Time Limit to Contest a Will in NSW
If you want to contest a will in NSW, there are time restrictions that you must adhere to.
In NSW, an application for a family provision order must be made not later than 12 months after the date of the death of the deceased person, unless the court otherwise orders on sufficient cause being shown or the parties to the proceedings consent to the application being made out of time (Section 58(2) Succession Act 2006 (NSW)).
An application for a family provision order may be made whether or not administration of the estate of the deceased person has been granted.
What Happens if You Are Outside of the Time Limit?
The court will refuse an application made more than 12 months after the date of death of the deceased person unless the applicant can show sufficient cause or the parties to the proceedings have consented to the application being made out of time.
Can a Time Limit Be Extended To Contest a Will?
The time limit (or more correctly the ‘limitation period’) may be extended by court order on sufficient cause being shown or with consent of the parties to the application being made out of time.
‘Sufficient cause’ means a sufficient explanation, justification or excuse for the delay (Cobb v Cobb  NSWSC 97 at ).
In determining whether ‘sufficient cause’ has been shown, the court will consider factors including:
- any explanation as to why the application was not made within time;
- the prejudice to any beneficiary whose interests might be affected by the making of an order;
- the strength of the applicant’s case;
- the conduct of the applicant or beneficiaries; and
- whether it is in the interests of justice to make the order.
As the strength of the applicant’s case is a key factor, the court will often proceed to hear claims brought out of time in full before deciding whether sufficient cause has been shown for time to be extended. Consequently, “when the Court comes to decide whether the application should be permitted, it will already know whether, if it is permitted, it will succeed,” (Vanderloo v Milne  NSWSC 1932 at ).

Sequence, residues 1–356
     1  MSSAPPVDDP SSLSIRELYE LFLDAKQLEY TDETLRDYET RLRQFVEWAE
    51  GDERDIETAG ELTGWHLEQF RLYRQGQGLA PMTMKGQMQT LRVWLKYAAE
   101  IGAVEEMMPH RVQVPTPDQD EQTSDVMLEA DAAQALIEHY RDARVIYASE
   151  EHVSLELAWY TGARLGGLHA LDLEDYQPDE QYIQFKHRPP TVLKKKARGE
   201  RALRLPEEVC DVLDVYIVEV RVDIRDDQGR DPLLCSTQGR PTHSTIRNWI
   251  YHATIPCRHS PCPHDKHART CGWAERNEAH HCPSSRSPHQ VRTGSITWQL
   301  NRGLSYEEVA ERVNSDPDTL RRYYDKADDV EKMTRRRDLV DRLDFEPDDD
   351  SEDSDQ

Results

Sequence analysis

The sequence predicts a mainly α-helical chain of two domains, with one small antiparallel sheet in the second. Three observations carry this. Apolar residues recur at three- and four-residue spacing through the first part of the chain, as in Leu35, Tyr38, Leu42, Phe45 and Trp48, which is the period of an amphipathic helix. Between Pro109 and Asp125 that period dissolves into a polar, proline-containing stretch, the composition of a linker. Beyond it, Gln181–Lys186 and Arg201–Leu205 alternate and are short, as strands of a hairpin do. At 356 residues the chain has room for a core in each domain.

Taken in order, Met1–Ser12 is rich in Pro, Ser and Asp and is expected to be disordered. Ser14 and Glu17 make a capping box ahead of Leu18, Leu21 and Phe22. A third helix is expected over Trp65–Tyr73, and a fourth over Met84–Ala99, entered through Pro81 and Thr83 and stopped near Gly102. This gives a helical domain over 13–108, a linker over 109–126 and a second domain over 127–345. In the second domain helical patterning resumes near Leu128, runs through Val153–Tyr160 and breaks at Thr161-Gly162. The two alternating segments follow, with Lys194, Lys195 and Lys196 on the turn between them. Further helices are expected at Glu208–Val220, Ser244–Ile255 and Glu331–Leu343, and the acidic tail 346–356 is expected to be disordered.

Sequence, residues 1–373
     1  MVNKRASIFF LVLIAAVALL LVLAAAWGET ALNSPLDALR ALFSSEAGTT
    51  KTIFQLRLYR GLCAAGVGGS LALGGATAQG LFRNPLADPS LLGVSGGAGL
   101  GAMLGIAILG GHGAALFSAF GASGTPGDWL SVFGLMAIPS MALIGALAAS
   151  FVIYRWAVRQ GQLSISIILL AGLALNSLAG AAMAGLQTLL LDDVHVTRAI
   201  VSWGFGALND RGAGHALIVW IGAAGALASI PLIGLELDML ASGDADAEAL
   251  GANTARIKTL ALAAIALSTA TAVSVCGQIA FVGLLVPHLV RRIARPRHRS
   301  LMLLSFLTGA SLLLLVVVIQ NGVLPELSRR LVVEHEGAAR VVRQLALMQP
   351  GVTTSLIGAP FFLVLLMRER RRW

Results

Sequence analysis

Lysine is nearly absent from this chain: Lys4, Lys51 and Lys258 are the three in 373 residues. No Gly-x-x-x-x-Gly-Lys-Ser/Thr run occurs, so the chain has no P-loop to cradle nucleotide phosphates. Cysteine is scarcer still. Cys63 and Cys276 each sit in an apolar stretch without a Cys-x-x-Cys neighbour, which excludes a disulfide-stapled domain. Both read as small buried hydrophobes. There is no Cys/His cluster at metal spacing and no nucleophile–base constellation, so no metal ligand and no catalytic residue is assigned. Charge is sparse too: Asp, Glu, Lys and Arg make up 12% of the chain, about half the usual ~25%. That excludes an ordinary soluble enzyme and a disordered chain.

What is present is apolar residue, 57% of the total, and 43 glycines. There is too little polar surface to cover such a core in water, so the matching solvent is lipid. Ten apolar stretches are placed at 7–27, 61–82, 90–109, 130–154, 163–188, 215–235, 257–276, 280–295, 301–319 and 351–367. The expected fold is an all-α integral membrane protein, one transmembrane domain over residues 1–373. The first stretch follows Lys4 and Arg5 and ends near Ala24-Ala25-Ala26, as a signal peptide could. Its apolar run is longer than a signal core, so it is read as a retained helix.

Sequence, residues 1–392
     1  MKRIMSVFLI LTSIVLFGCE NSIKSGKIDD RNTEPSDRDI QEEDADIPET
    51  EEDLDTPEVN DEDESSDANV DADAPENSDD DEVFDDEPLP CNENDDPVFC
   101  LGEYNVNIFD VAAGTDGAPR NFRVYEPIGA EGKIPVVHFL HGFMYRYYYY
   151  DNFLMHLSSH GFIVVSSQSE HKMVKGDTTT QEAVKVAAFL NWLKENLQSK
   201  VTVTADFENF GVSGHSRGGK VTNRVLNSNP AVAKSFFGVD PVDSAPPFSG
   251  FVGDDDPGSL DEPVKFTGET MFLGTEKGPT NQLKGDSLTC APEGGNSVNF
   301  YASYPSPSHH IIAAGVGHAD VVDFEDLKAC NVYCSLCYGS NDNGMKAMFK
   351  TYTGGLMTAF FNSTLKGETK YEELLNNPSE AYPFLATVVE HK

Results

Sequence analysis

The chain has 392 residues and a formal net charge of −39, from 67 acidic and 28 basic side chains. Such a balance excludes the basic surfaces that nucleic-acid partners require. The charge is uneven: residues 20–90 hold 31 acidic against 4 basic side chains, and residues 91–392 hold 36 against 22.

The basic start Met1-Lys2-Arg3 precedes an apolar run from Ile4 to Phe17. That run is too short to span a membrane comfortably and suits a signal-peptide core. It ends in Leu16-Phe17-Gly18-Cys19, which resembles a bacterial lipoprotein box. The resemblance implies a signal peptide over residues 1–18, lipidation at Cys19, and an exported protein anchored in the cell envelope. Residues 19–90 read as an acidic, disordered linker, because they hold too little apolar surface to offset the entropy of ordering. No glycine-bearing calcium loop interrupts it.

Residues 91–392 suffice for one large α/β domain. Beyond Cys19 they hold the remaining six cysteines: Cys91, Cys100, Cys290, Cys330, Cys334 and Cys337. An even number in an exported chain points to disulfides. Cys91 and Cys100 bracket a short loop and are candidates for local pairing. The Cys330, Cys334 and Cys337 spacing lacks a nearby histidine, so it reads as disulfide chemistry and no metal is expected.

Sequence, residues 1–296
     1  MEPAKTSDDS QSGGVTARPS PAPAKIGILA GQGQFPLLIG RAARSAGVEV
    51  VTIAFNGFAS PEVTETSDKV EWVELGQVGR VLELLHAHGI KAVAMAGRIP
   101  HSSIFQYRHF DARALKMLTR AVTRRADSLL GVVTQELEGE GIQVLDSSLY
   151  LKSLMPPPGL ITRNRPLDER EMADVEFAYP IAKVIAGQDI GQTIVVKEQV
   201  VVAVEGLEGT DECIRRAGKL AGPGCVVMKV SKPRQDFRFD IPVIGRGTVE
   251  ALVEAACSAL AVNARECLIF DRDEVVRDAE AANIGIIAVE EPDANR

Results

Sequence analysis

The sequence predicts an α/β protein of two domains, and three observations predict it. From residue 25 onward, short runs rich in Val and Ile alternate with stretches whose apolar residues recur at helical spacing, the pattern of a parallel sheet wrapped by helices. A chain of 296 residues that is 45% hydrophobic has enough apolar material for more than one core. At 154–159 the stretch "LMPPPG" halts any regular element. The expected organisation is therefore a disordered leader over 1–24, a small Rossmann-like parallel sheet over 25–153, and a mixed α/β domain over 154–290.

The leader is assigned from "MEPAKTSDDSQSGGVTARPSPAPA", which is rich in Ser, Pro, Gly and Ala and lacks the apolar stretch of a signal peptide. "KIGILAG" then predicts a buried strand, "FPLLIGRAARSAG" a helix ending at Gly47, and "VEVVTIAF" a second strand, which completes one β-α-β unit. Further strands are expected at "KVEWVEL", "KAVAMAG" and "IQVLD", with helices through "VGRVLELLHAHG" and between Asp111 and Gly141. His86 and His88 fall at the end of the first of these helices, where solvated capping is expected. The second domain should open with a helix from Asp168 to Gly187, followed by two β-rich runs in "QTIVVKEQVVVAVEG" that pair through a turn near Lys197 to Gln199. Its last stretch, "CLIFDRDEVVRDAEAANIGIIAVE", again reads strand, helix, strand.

The explanation for the delay should be comprehensive and should include an explanation covering the period before the limitation period as well as any subsequent delays in the period after the limited period (Underwood v Gaudron  NSWSC 1055 at ).
The court may also allow an application made out of time if it is made with the consent of all parties to the proceedings.
If believe you have a claim to contest a will of a recently deceased person, don’t leave it past the crucial 12 month mark to get in touch – or it may be too late. Contact us now on [email protected] or 1300 414 844 for a confidential and obligation-free initial consultation.
Want to learn more?
Read more about who can contest a will in NSW here.
Read more about the evidence you need to gather when contesting a will here.
Read more about considering mediation when contesting a will here.
Disclaimer: the information in this article relates to NSW law and is general information only. It does not constitute legal advice and should not be relied upon. If you have a question or legal issue we recommend you contact a lawyer and obtain legal advice that takes into account your specific facts and circumstances.